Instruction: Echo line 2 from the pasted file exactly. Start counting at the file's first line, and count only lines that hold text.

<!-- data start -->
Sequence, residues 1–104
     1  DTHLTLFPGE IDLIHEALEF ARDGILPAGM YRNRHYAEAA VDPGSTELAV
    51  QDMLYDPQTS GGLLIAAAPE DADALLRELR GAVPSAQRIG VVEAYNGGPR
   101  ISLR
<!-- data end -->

     1  DTHLTLFPGE IDLIHEALEF ARDGILPAGM YRNRHYAEAA VDPGSTELAV